Nobler than a Nobel

What dictates your life choices? Trophies, awards, public recognition? Or a desire to excel, fuelled by passion?

November 26, 2012 05:30 pm | Updated 05:34 pm IST

A fixation on medals and trophies dilutes intrinsic motivation, the most important catalyst for doing notable work.

A fixation on medals and trophies dilutes intrinsic motivation, the most important catalyst for doing notable work.

Degrees, awards, honours, titles and Who’s Who lists occupy a pre-eminent position in the Indian psyche. While we prize accolades and flaunt laurels won by Indians, especially those bestowed by foreign hands, we define ‘success’ in very narrow terms. During a child’s scholastic career, success is synonymous with marks a student obtains. However, even in adulthood, we continue to place a premium on external indices. The number of zeroes in a person’s salary is directly proportional to a person’s status in our social hierarchy. ‘Success’ in our country is synonymous with public recognition, and, at times, even adulation. By thus paying tribute to achievement, we fail to nurture genuine passions and intrinsic drives. We motivate children to succeed by conventional standards, but do not necessarily inspire them to excel.

Can conditioning stop?

From a very early age, we instil children with the notion that how they appear to others is crucial. So, when a test is returned in class, students vie for the book with the highest mark, not to read and learn how the topper framed her answers, but to see if they can haggle with the teacher for an extra half mark. Furthermore, when life-altering decisions are made, we give more emphasis to societal expectations than a child’s own proclivities. As a result, many students end up in fields that they are not ideally suited for. All top-performers in Board exams are expected to pursue engineering, medicine or economics regardless of their interests. As these coveted fields lead to jobs with lucrative salaries and high status, society expects all bright children to follow the beaten path. So when Jairam, a topper opted for history, he was derided by his family and friends. “What will you do with a degree in history?” is a question that he heard repeatedly. When Jairam emphatically stated that he wanted to be a professor and pursue research on ancient Dravidian scripts, he was scoffed at.

Only when ‘knowledge’ is tagged with a prestigious award does it merit attention. Venkatraman Ramakrishnan, on his first visit to India after winning the Nobel, remarked that prior to all the hype and hoopla surrounding the prize, less than 300 people attended his lecture in Chennai. However, following the Nobel buzz, over 3000 people thronged to hear him. The surge in interest was not due to a sudden spate of curiosity in science but with a mindset that creates and deifies ‘stars’. The media further propagates a culture of glitz and glamour in every domain. Hardly any newspaper or magazine covered Ramakrishnan’s work before the Nobel; though after the award, they clamoured for his opinion on matters unrelated to his field of expertise.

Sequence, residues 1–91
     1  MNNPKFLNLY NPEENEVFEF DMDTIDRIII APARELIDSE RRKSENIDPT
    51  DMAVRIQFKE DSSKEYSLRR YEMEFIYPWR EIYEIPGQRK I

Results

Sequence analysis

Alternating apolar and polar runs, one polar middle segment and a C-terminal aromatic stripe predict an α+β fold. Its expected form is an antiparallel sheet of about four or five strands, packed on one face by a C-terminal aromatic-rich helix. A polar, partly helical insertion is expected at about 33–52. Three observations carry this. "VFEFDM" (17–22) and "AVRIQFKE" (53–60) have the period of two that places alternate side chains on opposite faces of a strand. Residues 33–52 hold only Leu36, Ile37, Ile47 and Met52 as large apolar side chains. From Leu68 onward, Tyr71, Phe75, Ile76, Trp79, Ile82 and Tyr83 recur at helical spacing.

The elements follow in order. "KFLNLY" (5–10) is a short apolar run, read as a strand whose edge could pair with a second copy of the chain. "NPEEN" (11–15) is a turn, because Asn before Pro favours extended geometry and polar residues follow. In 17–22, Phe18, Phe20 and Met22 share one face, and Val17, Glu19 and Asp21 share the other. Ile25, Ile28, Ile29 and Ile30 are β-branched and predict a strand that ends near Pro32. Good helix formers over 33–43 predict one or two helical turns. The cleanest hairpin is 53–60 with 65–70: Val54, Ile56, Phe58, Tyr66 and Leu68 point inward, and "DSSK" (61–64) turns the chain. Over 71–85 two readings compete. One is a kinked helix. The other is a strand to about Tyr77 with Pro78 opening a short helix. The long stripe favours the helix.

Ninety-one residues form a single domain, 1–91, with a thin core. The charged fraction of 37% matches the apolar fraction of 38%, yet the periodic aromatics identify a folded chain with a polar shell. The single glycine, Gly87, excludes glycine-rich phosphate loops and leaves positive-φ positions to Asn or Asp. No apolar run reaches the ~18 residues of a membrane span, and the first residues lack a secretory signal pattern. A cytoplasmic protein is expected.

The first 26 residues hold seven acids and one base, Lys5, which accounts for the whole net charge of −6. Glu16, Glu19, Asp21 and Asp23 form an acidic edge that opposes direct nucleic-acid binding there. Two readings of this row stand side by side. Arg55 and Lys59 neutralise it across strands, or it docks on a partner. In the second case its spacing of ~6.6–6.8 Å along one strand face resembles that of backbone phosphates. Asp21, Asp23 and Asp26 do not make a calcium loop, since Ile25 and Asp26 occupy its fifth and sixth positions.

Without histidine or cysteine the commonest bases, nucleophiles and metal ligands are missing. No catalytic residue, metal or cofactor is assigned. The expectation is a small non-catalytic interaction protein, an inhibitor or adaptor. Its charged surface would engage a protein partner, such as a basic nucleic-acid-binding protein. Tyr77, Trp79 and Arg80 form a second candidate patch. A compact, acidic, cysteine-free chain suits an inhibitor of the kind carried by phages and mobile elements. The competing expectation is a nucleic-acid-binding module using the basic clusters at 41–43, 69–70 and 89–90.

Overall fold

Predilections vs Prizes

When a student asked Ramakrishnan how students could emulate him and win a Nobel for the country, pat came the reply: “That is a wrong question to ask…You can’t go into science thinking of a Nobel Prize. You can only go into science because you’re interested in it.” The student’s question points to a cultural climate where inherent proclivities and predilections are sidelined for prestigious prizes.

When we overplay an award, we present a distorted view of what an achievement actually entails. Perseverance and passion, the key ingredients for producing great works, be they in art, science or business, are seldom highlighted. The instant stardom that an award bestows does not reflect the years of toil— the frustration, angst and sheer hard work— that go into producing a substantive piece of work in any field.

In a state of flow

In fact, a fixation on medals and trophies dilutes intrinsic motivation, the most important catalyst for doing notable work. Psychologist Mihaly Csikszentmihalyi coined the term ‘flow’ to describe the mental state where a person is so immersed in an activity that he loses track of time and a sense of self. A person in a flow state is so absorbed in his work that distracting emotions do not cloud his mind.

Flow cannot be achieved if a person is averse to failure. Only when a person fails and is motivated to try and try again, can flow be attained. In fact, a person in flow does not even think he is failing when a desired result does not emerge, but feels he is learning. Moreover, flow can be experienced in any activity — from gardening to parenting to music to ruminating over philosophical conundrums. What matters is that the person is fully engaged in an activity that is optimally challenging and feels in control of the situation.

Thus, youngsters who are at a fork road in their lives should extricate themselves from societal straitjackets that force them to select courses based on “what people will say.” Instead, students should reflect on their signature strengths and interests and pursue courses and careers that they find intrinsically fulfilling. Educators and parents also have to make a concerted effort to cultivate a conducive climate where students do not feel the need to ask, “What must we do to win a Nobel?”

The author is the Director, PRAYATNA.

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